Mr Bartolucci: Thanks very much, Susan, for an excellent presentation. Certainly, being a parent at one of my schools, you were a wonderful individual when it came to co-operation and when it came to enhancing the quality of the school. You're doing that now in a very new way but under very difficult situations. Let me tell you, in answer to Mr Beaubien's question, that a lack of resources would probably be one of the predominant reasons we're seeing an increase.
You mentioned in your mandate that prevention and early intervention services are very important. Explain to the committee how that's changed over the course of the last seven years. Has funding decreased, has opportunity for programs been enhanced or decreased, and what type of difference would that make to the mental well-being of the people you serve?
Ms Nicholson: Over the last four years, we've had a change in the Making Services Work for People mandate by the ministry, and the focus has been on the essential cases. In other words, what we primarily are focusing on are the hard-to-serve cases, and these are latency-aged children, so they're already exhibiting these major behaviour and aggression problems.
If we had the funding to be able to provide the prevention programs to stop that -- granted, we do have the zero to 6 mental health in the early years and of course that goes a long way to helping those. But from a mental health perspective, to be able to have those intensive programs at the early stage would actually go a long way to preventing those cases from becoming extreme cases where these kids end up in the young offender facilities and costing us $100,000 a year. When you compare that to the cost of providing mental health services, which run an average of $2,000 to $3,000 per child per year, I think that's an effective way of managing those problems. I don't know if I've answered your question.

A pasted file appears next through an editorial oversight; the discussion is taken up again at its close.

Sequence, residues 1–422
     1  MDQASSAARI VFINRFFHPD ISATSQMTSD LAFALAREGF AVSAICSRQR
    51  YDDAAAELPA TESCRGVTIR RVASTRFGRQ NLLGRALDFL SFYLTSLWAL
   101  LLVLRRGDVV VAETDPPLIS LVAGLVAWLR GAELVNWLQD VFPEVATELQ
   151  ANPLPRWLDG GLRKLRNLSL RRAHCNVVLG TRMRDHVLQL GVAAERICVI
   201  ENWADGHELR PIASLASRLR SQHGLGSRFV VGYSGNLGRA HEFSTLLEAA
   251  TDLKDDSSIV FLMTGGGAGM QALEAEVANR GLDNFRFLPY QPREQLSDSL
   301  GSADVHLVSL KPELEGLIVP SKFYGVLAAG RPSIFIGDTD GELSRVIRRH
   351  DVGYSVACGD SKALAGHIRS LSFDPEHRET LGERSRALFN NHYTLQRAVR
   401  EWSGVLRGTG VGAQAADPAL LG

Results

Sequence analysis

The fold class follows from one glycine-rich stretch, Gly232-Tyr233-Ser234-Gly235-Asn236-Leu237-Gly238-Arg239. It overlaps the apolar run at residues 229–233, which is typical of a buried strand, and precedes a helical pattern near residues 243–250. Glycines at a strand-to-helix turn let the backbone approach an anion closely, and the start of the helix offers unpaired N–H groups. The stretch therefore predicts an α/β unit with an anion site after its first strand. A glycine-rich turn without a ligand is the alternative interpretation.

Mr Gerry Lougheed Jr: My name is Gerry Lougheed Jr. I am the co-chair of the CRASH 69 committee, which stands for Community Rallying Against Substandard Highway 69. Our committee is co-chaired by Dr Gary Bota, a well-respected emergency physician and former director of the trauma unit at the Sudbury Regional Hospital. Committee members include local business and labour leaders and area residents who have suffered the loss of a family member on the highway.
I would like to thank your committee for including CRASH 69 as a presenter today. We believe the upcoming budget is a crucial document to provide a credible funding envelope to improve Highway 69 or to prove the old proverb that the road to hell is paved with good intentions, and we know the hellish highway is called Highway 69.